Baloch will rise from ashes to regain freedom- Karima Baloch

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The chair of the largest student organisation of Balochistan BSO-A has said that Baloch nation will rise even from their ashes to regain the lost freedom. Karima Baloch, one of BBC’s most inspirational and influential women of 2016, was talking to an audience gathered on 11 August in Toronto, Canada.

The event was to mark Independence day of Balochistan. on 11 August 1947 Balochistan was declared as a free state by the British Raj.

Ms Baloch, who has claimed asylum in Canada due to security threats, said that Baloch have never lost their souls to darkness. “We did not accept slavery as our fate”, she said.

Commenting on annexation of Balochistan with Pakistan on the pretext of Islam, Karima Baloch said “Baloch were Muslims but they had always been a distinct cultural entity, therefore, they could not give up their distinct identity for Islam. When Mr Mohammad Ali Jinnah asked the sovereign Baloch government to give away Balochistan’s free status and join the newly-created but militarily strong Pakistan on the basis of Islam, Baloch parliamentarians unanimously refused.”

Ms Baloch finished her speech on a powerful note, “Today, 70 years earlier, we achieved our independence from the British. We’ll achieve it again from Pakistan. We are a nation of phoenixes. We’ll rise every time from our ashes with the will to regain our freedom. It depends on the “free world” how many times it is willing to see us reduced to ashes.”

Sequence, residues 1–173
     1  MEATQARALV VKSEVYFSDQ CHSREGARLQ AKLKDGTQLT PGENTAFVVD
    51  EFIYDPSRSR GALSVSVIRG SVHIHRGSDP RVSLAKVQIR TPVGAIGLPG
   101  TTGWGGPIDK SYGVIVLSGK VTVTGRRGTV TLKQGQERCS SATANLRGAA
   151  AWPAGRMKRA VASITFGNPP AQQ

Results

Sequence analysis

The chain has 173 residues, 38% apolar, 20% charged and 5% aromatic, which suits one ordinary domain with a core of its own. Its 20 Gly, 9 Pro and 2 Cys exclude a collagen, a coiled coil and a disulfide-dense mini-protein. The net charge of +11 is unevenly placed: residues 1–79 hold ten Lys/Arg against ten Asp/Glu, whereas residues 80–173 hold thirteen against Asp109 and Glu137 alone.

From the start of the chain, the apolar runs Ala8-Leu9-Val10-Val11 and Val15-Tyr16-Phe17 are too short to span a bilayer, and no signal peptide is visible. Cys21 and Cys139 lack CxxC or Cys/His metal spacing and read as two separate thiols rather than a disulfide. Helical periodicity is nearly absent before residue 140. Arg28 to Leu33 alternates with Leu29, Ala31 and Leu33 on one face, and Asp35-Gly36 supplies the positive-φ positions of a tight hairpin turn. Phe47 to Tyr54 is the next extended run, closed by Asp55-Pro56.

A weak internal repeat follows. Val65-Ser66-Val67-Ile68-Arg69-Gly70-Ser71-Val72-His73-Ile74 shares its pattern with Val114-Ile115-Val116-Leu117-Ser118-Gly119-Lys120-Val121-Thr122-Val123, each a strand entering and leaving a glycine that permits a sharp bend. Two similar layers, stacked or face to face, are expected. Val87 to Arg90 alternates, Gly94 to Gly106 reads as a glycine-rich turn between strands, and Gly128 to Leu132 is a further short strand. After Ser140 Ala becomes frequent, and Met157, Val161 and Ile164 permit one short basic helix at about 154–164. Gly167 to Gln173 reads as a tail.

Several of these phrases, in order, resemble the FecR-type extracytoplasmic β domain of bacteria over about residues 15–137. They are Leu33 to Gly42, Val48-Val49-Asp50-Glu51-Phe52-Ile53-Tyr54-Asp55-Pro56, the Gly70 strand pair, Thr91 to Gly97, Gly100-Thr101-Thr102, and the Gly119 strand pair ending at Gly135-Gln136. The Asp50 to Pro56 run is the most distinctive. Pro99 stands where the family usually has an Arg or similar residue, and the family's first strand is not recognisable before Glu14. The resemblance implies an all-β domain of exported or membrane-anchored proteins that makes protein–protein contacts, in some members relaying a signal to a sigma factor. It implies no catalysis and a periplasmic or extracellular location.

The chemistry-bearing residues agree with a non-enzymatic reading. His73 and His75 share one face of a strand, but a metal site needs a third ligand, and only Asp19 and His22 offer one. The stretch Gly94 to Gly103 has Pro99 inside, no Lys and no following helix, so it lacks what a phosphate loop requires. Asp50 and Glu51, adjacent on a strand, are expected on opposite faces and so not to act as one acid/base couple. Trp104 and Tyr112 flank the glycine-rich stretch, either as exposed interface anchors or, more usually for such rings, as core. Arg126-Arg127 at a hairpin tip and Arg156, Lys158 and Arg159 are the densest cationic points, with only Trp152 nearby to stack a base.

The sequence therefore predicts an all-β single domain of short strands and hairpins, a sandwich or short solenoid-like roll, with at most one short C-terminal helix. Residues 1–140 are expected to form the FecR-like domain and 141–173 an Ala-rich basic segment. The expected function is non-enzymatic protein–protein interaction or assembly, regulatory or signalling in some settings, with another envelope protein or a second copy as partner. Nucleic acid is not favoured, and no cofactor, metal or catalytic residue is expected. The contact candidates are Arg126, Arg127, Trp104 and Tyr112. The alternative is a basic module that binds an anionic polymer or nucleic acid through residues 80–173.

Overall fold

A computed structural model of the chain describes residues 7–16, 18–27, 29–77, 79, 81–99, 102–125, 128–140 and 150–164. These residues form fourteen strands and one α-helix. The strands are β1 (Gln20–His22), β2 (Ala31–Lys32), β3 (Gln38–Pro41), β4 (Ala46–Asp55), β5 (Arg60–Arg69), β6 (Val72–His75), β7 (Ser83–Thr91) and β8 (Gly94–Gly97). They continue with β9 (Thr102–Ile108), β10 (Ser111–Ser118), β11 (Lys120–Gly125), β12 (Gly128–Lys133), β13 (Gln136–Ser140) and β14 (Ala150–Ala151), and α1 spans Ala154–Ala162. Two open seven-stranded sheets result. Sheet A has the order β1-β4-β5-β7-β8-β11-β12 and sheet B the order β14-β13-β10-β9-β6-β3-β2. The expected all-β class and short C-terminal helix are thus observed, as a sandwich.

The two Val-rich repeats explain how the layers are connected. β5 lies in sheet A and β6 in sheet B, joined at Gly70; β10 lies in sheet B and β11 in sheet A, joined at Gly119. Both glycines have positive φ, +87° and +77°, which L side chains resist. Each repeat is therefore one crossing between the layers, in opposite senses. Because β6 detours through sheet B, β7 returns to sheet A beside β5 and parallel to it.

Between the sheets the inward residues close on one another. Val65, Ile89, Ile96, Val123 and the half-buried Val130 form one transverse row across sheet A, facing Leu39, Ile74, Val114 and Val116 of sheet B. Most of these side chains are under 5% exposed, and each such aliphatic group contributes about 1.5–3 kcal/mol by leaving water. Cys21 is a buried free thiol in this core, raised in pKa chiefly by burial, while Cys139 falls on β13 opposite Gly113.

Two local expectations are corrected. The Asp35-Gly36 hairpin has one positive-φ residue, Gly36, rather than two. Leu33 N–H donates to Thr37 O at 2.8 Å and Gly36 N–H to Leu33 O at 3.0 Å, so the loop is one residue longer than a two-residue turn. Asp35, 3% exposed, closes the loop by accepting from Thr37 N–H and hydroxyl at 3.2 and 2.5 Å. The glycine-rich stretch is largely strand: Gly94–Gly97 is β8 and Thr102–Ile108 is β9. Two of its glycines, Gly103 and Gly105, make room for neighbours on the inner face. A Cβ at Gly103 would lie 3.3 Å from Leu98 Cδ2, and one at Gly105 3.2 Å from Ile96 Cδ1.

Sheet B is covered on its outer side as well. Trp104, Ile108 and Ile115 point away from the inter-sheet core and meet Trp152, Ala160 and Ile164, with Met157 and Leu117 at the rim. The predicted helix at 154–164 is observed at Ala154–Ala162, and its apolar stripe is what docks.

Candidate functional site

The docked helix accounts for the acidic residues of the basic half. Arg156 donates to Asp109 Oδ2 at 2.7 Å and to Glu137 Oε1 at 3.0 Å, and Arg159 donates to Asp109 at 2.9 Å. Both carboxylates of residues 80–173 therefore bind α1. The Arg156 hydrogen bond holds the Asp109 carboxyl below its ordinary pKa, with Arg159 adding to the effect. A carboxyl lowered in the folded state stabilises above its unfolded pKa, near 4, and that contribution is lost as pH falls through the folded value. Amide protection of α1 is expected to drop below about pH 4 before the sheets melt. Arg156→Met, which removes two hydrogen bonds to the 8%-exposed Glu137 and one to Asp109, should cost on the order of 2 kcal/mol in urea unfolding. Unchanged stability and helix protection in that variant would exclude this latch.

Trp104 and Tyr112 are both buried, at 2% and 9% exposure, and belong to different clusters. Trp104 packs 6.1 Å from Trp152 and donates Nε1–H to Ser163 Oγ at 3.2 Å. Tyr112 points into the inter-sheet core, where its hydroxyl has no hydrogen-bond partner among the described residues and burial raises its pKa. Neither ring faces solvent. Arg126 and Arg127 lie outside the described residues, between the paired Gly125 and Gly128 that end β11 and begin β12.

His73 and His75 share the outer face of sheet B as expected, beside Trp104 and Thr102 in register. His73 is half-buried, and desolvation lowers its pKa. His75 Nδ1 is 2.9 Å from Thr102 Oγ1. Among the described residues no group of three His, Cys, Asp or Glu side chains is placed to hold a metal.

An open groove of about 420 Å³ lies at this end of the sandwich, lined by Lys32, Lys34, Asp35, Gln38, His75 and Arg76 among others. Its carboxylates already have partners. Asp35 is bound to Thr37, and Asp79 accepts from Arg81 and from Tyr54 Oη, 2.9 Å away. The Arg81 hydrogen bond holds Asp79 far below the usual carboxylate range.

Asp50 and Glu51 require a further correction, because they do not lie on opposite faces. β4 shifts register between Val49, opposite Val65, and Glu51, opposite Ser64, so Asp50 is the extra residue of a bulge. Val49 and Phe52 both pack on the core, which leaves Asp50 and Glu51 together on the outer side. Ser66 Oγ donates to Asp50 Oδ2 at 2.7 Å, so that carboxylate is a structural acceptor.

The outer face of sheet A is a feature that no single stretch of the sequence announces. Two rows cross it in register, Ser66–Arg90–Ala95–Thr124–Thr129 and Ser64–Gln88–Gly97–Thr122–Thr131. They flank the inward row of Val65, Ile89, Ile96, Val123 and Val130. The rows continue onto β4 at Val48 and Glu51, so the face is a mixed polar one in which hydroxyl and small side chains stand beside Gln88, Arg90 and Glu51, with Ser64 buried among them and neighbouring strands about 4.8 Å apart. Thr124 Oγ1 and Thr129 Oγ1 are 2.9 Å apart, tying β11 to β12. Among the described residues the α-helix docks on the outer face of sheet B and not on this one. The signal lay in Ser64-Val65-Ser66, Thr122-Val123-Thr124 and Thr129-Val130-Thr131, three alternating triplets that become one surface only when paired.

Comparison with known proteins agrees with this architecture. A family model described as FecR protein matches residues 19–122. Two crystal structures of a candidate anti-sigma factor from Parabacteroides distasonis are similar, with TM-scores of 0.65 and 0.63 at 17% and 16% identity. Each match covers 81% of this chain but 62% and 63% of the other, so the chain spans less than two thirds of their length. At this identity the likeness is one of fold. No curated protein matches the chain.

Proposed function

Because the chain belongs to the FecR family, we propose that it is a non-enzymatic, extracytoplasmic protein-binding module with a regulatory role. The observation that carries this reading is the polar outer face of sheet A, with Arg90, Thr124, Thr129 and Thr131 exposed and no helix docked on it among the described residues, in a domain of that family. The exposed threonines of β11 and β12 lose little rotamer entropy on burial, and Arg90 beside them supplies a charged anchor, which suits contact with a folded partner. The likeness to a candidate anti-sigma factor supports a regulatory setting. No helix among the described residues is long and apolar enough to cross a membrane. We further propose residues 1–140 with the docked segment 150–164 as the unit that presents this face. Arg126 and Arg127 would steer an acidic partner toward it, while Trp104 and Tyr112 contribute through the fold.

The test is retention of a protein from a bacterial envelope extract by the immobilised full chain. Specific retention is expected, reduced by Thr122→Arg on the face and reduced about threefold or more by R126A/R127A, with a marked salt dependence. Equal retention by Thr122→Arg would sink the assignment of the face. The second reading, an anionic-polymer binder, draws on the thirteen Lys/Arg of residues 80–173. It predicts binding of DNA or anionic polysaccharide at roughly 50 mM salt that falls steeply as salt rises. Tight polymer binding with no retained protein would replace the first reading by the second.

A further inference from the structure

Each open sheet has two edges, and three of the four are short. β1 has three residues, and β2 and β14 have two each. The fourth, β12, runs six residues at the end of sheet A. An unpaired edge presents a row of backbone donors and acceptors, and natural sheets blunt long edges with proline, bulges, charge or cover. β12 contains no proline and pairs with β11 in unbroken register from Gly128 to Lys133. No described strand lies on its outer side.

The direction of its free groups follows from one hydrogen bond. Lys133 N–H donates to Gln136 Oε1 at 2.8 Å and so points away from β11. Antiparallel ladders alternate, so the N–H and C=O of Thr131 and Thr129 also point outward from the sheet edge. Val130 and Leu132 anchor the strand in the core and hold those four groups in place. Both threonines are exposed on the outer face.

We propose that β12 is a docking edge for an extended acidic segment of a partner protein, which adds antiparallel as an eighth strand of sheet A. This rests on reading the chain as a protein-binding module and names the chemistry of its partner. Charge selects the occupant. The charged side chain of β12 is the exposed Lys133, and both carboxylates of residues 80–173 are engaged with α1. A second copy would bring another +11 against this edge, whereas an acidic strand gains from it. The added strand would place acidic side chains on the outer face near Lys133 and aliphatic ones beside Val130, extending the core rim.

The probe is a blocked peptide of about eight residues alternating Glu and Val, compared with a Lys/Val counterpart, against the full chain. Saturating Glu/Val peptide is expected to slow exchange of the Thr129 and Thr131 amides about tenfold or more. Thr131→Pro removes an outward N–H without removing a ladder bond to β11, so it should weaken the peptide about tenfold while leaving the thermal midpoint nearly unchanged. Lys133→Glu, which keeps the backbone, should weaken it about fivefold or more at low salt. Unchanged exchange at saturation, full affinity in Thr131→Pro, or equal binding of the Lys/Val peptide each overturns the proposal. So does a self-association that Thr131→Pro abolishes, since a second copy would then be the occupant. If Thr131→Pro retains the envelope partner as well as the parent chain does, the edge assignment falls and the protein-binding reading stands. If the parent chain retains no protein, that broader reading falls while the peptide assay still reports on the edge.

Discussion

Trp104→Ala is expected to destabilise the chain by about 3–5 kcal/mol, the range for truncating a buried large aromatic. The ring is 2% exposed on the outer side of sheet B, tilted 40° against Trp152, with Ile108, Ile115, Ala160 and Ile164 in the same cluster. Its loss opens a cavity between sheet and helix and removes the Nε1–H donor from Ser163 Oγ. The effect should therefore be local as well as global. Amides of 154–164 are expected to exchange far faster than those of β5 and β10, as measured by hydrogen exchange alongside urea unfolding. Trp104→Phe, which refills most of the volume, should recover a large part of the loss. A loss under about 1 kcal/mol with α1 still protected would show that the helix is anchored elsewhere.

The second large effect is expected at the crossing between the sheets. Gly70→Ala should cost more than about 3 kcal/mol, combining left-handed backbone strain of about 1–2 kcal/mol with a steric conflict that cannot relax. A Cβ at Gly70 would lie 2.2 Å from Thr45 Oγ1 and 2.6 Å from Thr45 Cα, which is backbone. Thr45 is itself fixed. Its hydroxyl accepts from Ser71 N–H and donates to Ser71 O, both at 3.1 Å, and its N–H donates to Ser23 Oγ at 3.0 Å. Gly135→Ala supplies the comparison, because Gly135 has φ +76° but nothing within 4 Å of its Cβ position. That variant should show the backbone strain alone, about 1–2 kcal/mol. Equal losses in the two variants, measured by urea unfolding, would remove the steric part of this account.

Speech Transcript

Following is the full transcript of Ms Karima Baloch’s speech

Ladies and gentlemen, I sincerely appreciate your participation. and thank you all for your time and support for this noble cause.

Today we celebrate Balochistan’s Independence Day. The British colonizers left Balochistan a free state on August 11, 1947.

The independence was hard achieved. And easily lost.

On March 27th, 1948 Pakistan’s military marched through Baluchistan and occupied it. Against the wishes of its people. Against the wishes of its parliament.

When Mr. Mohammad Ali Jinnah had earlier asked the sovereign Baloch government to give away Balochistan’s free status and join the newly-created but militarily strong Pakistan on the basis of Islam, Baloch parliamentarians unanimously refused.

They had argued that it was true the Baloch were Muslims but they had always been a distinct cultural entity; therefore, they couldn’t give up their distinct identity for Islam. The speech of Mr Ghaus Bakhsh Bizenjo, the opposition leader of the then independent Balochistan, is on the record.

It was not only a refusal to join the Islamic state of Pakistan. It was also a refusal to join a new pan Islamist movement for world dominance.

The creation of Pakistan was the first major success for this Islamic movement. After the fall of the Ottoman Caliphate, which was the last Sunni Islamic caliphate, Muslim leaders throughout the world felt betrayed and threatened. The creators of Pakistan exploited this fear in the Muslims of South Asia that Islam was under threat, and campaigned for the creation of Pakistan on the model of Ottoman Caliphate.

Pakistan’s continuous support for pan Islamist militant groups like Al Qaeda and ISIS, comes from this ideology of its foundation. They are natural allies working together for the same old goal: the restoration of the Islamic caliphate.